Author Archives: Alex Simmens

Why me for Fulbright?

Program Identified: Fulbright Teaching Assistantship

Prompt: Who are you and why should you receive this grant/scholarship?

Program-Specific Prompt: “The statement should be a 1 page narrative that provides a picture of yourself as an individual․ It should deal with your personal history, family background, influences on your intellectual development, the educational, professional, and cultural opportunities (or lack of them) to which you have been exposed, and the ways in which these experiences have affected you․ Also include your special interests and abilities, career plans, and life goals, etc. It should not be a recording of facts already listed on the application or an elaboration of your Statement of Grant Purpose․ It is more of a biography, but specifically related to you and your aspirations relative to the specific Fulbright Program to which you have applied․”


For someone who has actually never been abroad, I have a great appreciation for foreign languages. Learning a foreign language and culture has been a part of my academic, professional, and personal development for as long as I can remember. I cannot remember a time during which I have not been learning a foreign language. My father studied German throughout middle school, high school, and some of college and had always wished that I follow in his footsteps. Although I did not realize this at the time, my father and I share a similar curiosity for all things in general, which makes learning a language a great, intellectually stimulating adventure. I was most definitely up for the ride.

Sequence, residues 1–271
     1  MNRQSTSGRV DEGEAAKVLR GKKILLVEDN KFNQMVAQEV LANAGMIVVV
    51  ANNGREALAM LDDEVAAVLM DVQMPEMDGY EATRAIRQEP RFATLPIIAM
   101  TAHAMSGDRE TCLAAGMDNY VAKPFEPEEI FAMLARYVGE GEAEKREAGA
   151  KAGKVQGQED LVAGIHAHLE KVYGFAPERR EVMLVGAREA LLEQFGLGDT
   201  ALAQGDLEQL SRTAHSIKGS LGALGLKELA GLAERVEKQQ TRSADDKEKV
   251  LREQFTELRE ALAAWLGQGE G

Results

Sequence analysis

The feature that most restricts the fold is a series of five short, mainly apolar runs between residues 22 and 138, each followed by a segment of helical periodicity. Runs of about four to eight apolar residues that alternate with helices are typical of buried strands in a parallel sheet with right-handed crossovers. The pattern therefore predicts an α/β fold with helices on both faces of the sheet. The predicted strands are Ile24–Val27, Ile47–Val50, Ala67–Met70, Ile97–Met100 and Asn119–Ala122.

It is very safe to say that my high school was the place where my addiction for learning foreign languages, particularly German, really sprouted from. There were two teachers of German, both of whom have taught me for many years and with whom I was incredibly close. They took me under their wings and mentored me, increasing my love for the language and culture. One of my German teachers was largely the reason for why I chose to attend Emory for my undergraduate degree, and I am the only student to date that has taken all of the German courses offered by my high school. I was granted the opportunity to take AP German Language and Culture at my high school, an academically challenging and rewarding program that I still value today.

Moving on to my undergraduate experience, I began my collegiate foreign language education strongly with the opportunity to participate in research as a first-year student. Through this experience, I was able to design my own education and learn about topics of interest to me. This also allowed me the opportunity to improve my language skills by being able to speak at a better, more fluid pace in individual meetings with my professor. This experience opened my eyes to many other opportunities to engage with the foreign language community at Emory. I was also invited to apply for the Global Languages and Cultures Cohort in which I engage with other students studying foreign languages at Emory. This experience serving on the cohort has allowed me to interact with students who study languages different from mine and actively reflect on why I chose to study a foreign language. It truly became clear to me that, as a result of my language studies, I am a better, more well-rounded person with skills that are irreproducible in other areas of study.

Studying foreign languages have exposed me to the cultural differences that exist between the German-speaking world and America. Since I hope to become a scholar in philosophy and teach at a collegiate level, I now have a good aim at potential research interests including the philosophy of culture and immigration. This research will allow me to integrate my love for foreign languages and cultures with my love of philosophy and answering bigger questions.

Why Study Abroad?